Another option for waste reduction and disposal is incineration. Incineration should not be considered a ‘disposal’ option, since following incineration there is still some quantity of ash to be disposed of (probably in a landfill), as well as the dispersal of some ash and constituent chemicals into the atmosphere. It should instead be considered more in terms of its waste-reduction potential, which can be 80-95% in terms of waste volume (Rand, et al 2000). This appears to be an extremely attractive option, however, with occasional exceptions, incineration is an inappropriate technology for most low-income countries. Above all, the high financial start-up and operational capital required to implement incineration facilities is a major barrier to successful adoption in developing countries (Rand et al 2000, UNEP 1996). A large portion of that cost is the environmental hazard mitigation components, including emissions “scrubbers”; use of best available technology in the United States can cost as much as 35% of the overall project cost (Rand et al 2000).
Financially and practically, incineration seems at present a promising option for few countries; however small island nations are perhaps a category where such technology may be practical. With their smaller land mass, island nations often have less land available to them for landfilling, and even in the event land is available, environmental considerations may not reveal these sites to be viable options. Further, in nations with islands scattered about, transportation of waste to select centralized sanitary landfills, instead of open dumps on each island, could be prohibitively expensive and time consuming. Being surrounded by open water increases the attractiveness of ocean dumping. Most developed nations have abandoned this practice out of environmental concerns, however environmental regulations may not outlaw this practice in some poorer nations. Reduction by incineration, along with sanitary disposal of the residue, would therefore be a useful alternative to traditional disposal methods, and have proven useful in nations such as Bermuda and the British Virgin Islands (Lettsome 1998).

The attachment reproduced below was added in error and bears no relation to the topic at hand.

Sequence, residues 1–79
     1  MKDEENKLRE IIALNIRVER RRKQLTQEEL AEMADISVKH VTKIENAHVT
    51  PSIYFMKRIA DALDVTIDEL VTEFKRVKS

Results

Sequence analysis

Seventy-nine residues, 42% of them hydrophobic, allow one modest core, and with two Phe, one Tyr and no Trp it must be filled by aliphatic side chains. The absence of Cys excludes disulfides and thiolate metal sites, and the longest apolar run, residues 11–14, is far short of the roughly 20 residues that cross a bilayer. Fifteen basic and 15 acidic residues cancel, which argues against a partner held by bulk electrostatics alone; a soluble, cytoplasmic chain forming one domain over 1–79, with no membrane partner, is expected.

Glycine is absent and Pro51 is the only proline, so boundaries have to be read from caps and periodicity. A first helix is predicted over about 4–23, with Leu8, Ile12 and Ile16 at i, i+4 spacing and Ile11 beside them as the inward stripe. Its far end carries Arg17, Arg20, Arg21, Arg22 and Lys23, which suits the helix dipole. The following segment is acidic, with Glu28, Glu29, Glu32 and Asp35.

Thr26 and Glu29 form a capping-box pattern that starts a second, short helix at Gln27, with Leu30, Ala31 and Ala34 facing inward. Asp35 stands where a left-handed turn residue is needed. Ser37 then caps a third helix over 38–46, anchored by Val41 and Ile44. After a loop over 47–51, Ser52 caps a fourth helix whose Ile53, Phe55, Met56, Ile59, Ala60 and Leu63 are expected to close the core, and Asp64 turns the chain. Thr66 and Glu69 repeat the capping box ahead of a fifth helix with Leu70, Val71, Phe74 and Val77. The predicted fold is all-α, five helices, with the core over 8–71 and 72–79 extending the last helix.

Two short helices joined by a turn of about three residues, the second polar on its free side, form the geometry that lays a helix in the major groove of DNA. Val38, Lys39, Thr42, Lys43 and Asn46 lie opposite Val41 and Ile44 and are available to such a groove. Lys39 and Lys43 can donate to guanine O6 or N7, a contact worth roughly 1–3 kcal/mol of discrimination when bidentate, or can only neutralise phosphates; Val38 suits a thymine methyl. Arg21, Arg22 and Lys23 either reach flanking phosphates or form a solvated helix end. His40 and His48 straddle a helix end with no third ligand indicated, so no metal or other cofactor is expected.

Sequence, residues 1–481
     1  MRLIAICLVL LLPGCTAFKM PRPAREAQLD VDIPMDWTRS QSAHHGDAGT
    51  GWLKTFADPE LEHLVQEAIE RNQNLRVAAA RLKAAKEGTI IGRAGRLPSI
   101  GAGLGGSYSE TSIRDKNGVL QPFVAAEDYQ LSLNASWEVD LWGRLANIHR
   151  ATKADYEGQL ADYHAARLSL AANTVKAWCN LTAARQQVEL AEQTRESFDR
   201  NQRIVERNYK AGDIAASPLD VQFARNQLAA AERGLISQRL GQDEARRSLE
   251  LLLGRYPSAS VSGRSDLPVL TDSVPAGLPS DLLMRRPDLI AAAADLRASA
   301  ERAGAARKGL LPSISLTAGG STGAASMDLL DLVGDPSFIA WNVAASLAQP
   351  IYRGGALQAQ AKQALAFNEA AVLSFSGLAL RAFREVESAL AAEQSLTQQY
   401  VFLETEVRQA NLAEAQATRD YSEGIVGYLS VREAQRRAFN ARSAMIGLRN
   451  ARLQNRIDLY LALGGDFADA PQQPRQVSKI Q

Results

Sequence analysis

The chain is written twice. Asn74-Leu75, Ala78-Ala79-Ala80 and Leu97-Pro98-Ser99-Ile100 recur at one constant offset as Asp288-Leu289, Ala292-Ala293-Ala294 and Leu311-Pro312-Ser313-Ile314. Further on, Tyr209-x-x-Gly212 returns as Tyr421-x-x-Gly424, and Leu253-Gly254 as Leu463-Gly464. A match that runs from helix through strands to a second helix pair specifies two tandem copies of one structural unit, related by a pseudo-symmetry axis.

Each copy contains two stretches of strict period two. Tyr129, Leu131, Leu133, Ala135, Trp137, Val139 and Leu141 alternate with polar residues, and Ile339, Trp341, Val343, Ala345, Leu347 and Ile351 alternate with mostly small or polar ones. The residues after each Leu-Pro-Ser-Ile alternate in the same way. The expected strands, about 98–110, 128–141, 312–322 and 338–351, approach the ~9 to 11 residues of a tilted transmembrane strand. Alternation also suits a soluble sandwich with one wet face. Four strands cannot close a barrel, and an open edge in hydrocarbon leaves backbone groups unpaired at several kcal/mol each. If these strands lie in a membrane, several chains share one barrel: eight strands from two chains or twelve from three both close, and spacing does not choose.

There are two widely used varieties of incineration plant as described by UNEP (1996), mass-burn and modular. A third, fluidized-bed incineration is used widely in Japan. Mass-burn systems are the most versatile, accepting almost any common municipal solid waste save for large single items such as refrigerators and furniture. Waste is dumped from trucks onto either a tipping floor or a conveyor belt, which then conveys the waste to the incineration chamber. Common facilities use two or three incineration chambers, providing a capacity of between 100 and 3000 tons per day; modular incinerator units, on the other hand, can usually only process between 5 and 120 tons MSW per day per unit, although multiple units are often used at any one site. The process of incineration is somewhat different, utilizing two combustion chambers; gasses generated in the first chamber are more completely combusted in the second, providing the primary environmental pollution control.
Negative environmental consequences of incineration mostly revolve around airborne emissions. Certainly, incinerators should not be located where prevailing wind patterns would carry emissions over densely settled areas. The use of emissions reduction technology, although expensive, should be mandatory in any new construction. Incineration volatilizes many compounds potentially harmful to human health: metals (especially lead and mercury), organics (dioxins), acid gases (sulfur dioxide and hydrogen chloride), nitrogen oxides, as well as carbon monoxide and dust (UNEP 1996).